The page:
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Monday, 11 March 2013

Comments

"Next, think of all the ways he could continue to leverage the photo's popularity if he wanted to."

Well, more like if he's *able* to - the viral world is fickle as hell and the wave can vanish as quickly as it rose. Making riding this wave even more difficult is the fact that virtually all the viewers just want to see the hit, and having done so... they move on.

MIke - interesting thoughts.

I'm curious to know how you feel about your own ability to create a hit, or at least to influence the possibility. Or maybe whether you don't think you have that ability. Like you say, you get lots of entreaties to publicise, and you get to decide whether you do or not. I think it's fair to say that if you feature an image, it will get exposure, at the very least, which is often the starting point that a photo needs to be a hit, irrespective of its intrinsic qualities.

Many questions spring to mind.

Since it's one of those images that impress by the presumed "luck" of all the elements falling into place, where the photographer was presumably standing "at the right place, at the right time", wouldn't most photographers have "seen" the "same" shot, had they been standing next to him? There are so many people with cameras in their hands nowadays, there is bound to be hits like this happening, just as a matter of statistics.

I do not wish to diminish the credit due to the photographer. Perhaps he waited for the shot for an hour à la HCB. Perhaps he had been standing there countless times before, preempted the potential of this point of view and planned to go back after a snowfall, etc.

What I am wondering is, if it was indeed luck, what are the odds that the photographer will be able to produce such good work in the future, with a certain consistency? (Are "hits", by definition, mostly a matter of luck?)

Also... Sure, nobody has to care how easy or hard an image was to make, the image stands on its own. But what would happen if it was discovered that the image was manipulated (either by being somewhat setup and/or being "cleaned up" in Photoshop)? Would people still love the image just as much? Would the photographer lose a degree of fame/respect?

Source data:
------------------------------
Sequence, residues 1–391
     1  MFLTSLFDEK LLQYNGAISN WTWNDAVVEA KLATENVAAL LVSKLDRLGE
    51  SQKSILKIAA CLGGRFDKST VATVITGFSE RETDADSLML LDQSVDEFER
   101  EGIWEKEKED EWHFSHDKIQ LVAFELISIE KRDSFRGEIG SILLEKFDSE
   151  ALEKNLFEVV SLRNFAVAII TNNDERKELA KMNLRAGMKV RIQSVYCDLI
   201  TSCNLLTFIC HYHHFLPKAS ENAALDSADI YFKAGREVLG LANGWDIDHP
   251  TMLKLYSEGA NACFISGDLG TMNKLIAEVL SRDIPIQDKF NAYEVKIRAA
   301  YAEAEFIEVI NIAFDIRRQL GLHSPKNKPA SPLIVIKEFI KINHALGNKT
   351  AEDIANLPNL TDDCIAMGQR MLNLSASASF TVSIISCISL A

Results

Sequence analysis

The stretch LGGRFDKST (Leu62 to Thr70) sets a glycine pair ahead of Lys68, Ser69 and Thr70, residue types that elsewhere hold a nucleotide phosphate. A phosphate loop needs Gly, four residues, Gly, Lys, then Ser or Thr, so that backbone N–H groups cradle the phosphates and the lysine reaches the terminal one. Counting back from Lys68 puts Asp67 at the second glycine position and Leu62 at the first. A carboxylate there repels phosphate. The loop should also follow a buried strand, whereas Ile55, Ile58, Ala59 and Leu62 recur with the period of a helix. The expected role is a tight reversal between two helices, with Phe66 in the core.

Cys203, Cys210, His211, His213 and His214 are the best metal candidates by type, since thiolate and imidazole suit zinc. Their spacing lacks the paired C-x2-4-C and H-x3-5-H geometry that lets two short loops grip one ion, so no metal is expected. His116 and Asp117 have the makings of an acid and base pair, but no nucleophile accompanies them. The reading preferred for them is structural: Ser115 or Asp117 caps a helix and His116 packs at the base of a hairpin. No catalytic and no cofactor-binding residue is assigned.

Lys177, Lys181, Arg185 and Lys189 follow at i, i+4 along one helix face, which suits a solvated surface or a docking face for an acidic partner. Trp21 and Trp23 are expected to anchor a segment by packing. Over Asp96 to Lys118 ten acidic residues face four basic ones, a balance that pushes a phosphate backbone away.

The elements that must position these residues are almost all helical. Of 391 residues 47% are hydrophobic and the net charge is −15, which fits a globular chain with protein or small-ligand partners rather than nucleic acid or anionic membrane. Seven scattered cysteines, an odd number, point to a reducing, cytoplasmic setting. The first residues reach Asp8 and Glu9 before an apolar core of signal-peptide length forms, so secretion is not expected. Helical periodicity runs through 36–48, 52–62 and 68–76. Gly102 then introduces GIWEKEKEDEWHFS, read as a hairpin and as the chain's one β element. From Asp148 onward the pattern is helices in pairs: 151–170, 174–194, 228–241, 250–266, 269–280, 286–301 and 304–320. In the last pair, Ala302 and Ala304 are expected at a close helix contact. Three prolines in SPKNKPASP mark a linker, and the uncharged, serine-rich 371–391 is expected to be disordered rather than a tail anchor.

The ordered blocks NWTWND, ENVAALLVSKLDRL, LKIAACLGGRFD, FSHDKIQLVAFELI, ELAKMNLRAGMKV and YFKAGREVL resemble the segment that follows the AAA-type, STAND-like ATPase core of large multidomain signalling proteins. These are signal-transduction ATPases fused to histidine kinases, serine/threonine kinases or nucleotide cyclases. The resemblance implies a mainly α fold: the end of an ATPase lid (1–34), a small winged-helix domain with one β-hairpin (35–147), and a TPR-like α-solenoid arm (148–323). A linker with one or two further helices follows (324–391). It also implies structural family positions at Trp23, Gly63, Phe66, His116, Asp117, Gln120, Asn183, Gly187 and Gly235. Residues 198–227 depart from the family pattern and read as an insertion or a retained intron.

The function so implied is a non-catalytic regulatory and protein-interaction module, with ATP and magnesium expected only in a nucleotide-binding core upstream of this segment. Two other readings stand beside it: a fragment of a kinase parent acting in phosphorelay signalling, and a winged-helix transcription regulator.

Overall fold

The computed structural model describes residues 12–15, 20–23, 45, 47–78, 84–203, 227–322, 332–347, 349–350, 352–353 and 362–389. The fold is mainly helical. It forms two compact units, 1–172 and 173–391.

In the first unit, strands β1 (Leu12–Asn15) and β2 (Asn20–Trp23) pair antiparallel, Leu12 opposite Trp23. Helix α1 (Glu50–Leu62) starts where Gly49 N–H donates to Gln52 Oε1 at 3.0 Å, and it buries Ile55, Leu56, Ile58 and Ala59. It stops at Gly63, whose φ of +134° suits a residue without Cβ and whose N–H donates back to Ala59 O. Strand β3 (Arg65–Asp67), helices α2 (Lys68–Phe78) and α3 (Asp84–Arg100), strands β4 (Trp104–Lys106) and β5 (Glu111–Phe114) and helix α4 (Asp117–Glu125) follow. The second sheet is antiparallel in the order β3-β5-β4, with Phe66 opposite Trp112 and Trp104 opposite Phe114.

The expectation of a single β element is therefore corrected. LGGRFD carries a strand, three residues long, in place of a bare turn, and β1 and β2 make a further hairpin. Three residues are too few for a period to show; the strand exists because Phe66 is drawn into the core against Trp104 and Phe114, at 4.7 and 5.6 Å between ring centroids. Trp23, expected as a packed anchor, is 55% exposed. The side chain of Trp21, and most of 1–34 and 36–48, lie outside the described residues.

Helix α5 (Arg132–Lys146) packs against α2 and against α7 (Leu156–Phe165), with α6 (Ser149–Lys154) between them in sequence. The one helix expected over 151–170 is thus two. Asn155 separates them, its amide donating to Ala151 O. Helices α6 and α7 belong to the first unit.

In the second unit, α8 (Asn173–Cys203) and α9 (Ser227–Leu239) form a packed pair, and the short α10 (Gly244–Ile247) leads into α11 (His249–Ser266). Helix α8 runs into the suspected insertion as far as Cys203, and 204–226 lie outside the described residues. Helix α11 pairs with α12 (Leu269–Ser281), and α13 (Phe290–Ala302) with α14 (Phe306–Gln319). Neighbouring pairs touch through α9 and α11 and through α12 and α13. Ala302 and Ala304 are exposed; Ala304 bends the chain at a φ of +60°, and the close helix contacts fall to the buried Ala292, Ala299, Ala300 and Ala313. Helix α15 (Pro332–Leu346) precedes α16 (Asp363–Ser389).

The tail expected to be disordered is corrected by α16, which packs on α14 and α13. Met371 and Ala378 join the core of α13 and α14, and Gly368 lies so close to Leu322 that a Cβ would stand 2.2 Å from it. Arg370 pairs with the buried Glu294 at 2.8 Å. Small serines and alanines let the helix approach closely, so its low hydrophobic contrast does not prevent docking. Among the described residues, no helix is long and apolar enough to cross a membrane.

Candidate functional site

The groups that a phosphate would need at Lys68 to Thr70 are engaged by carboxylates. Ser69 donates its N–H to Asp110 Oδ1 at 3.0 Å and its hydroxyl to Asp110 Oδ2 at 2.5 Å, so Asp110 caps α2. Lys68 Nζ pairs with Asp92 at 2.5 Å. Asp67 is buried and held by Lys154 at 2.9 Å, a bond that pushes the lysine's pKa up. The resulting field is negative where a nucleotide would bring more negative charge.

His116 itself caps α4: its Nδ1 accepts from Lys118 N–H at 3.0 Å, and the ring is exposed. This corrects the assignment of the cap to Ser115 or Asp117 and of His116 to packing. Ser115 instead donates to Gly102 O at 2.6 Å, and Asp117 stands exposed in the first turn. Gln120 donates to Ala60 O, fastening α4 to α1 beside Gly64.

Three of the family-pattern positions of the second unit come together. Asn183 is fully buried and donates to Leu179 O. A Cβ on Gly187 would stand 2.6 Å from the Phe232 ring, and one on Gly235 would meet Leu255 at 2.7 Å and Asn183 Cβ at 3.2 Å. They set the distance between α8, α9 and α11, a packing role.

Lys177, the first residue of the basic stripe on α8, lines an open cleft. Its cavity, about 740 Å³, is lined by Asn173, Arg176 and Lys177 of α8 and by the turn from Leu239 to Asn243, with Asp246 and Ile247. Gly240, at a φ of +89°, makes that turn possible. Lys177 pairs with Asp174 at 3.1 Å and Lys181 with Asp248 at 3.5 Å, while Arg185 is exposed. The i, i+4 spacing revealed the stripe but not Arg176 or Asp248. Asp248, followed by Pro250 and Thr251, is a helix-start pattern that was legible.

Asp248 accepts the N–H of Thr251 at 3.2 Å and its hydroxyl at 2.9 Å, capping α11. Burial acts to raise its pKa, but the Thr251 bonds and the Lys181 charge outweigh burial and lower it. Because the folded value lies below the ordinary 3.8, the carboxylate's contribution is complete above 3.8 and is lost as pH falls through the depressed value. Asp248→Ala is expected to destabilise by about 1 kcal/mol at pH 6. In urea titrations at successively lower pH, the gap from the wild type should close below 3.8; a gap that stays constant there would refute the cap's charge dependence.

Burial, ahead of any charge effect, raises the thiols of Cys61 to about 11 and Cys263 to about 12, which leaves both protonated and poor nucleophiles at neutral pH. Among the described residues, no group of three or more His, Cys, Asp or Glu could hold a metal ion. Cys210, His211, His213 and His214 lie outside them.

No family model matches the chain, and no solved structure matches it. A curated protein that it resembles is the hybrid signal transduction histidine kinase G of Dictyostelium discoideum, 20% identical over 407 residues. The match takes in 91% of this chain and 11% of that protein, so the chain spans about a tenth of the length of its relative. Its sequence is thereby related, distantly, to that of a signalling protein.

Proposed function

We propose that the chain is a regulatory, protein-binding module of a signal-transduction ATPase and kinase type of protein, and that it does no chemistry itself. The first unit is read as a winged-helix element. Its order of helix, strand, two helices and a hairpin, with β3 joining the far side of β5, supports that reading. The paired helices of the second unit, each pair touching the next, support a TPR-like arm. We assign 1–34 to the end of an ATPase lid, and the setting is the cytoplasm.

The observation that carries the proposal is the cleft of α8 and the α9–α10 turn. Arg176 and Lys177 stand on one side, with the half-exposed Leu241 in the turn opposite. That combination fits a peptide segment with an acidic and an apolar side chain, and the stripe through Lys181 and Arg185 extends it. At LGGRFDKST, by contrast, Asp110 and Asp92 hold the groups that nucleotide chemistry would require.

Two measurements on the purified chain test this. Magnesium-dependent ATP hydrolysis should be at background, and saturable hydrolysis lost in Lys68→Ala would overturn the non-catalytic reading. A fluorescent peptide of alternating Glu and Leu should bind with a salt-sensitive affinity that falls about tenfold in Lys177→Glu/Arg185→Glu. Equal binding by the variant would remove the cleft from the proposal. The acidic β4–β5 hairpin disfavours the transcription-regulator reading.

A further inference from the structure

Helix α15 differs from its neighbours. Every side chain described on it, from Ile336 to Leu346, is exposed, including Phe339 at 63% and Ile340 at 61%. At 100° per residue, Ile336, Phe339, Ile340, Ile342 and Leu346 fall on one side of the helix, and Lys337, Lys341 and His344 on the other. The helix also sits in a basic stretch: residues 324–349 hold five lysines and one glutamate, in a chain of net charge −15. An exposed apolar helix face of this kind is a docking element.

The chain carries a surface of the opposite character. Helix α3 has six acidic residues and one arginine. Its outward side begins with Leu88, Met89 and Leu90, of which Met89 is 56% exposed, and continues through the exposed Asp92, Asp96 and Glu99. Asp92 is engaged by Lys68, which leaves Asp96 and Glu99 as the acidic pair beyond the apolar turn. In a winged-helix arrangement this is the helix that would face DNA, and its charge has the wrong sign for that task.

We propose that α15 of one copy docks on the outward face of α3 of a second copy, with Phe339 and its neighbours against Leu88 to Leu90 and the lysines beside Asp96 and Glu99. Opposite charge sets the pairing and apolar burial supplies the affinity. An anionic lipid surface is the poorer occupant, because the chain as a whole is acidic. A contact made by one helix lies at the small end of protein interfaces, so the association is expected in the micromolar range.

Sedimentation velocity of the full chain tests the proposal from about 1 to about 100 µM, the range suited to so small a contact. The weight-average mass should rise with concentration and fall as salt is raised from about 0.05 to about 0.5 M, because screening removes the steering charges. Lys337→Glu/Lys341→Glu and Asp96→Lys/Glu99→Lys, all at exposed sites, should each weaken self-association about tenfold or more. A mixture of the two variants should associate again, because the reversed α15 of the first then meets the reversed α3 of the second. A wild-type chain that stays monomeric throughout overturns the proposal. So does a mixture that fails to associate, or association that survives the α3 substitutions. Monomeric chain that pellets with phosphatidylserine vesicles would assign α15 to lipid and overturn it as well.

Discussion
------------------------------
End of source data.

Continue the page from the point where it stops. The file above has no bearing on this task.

This photo will make him famous not only for the perfect moment he nailed the shot but for one of the most stolen pics ever. Did you try a google image search? Do it!

Make sure your name is associated with it as often as possible. It doesn't count if the picture becomes famous but no one knows who took it.

Funny, I knew the song but had never ever heard of Thunderclap Newman. Now I know and can amaze and wow my wife with yet more inane trivia about rock music! Can't wait.

[You can add that Pete Townshend of the Who played bass on the song, credited under the alias "Bijou Drains." --Mike]

Thanks for connecting all the strands of these three threads into a teaching moment. Once they're all laid out in front of us, it's clear how it can work. Now, to replicate the steps: that will take some doing.

I sure could have used this post when you featured me in "Random Excellence" a couple of years ago!

As Larry pointed out, it's all clear in hindsight, except that first moment when that spotlight first hits you.

Charles,

Instead of wasting all that time wondering, you could just read The Guardian article and find out how he did it.

"The professional is the guy who can do it twice" - attributed to Dizzy Gillespie by Pete Hamill in "Why Sinatra Matters".

http://www.amazon.com/Why-Sinatra-Matters-Pete-Hamill/dp/B000JBY0PQ/ref=sr_1_1?ie=UTF8&qid=1363031150&sr=8-1&keywords=why+sinatra+matters

Regards,

Jim

Hello,

in my opinion your analysis perfectly describes how important luck and many auxiliary activities are in getting and remaining "noticed" ...

Having looked through Gerald Kingma's website, I can see why he may be a bit peeved by the moniker "jumping lamb guy", because the portfolio as a whole is pretty strong. The fact that one shot catches the eye of a judge, or has immediate commercial appeal, seldom means that it's typical of the artists general intent or message.

Most people remember the accessible stuff, which is galling when you are trying to say something profound, but such is the price of fame (and the risk of typecasting).

It's probably the same problem Patrick Stewart has trying to do Shakespeare :-)On the other hand, Star Trek probably paid for a very comfortable retirement and allows him to take on theatre roles for fun, not money.

Being an artist, being famous and being a professional are all different things. Which corner of the triangle you gravitate towards generally says much more about your personality than your ability, but overall the most "successful" in the conventional sense are the ones who manage to keep all three factors in sight.

You never know what might happen. Gerard took a gambol and it paid off. (sorry)

Apropos Will Frostmill's comment about the appeal of things that so fit into the created world that their 'meaning' is inescapable..

There is a chapter in Charles Duhigg's very readable book 'Habit' (how they are made and how to change them) on that very subject.

I learned for example, that the music industry is engaged in the science of introducing new songs - interleaving them with other established ones on the radio - to take advantage of that appeal..

Curse you, Mike! The "Something in the Air" reference compelled me to find it on You Tube, and now I have that song rolling around my brain. The song itself is decent, but the John Lennon impression by the lead singer is not. At least that's how it looks from my vantage point nearly 45 years downstream. Back in the 60s, almost everyone was imitating the Beatles.

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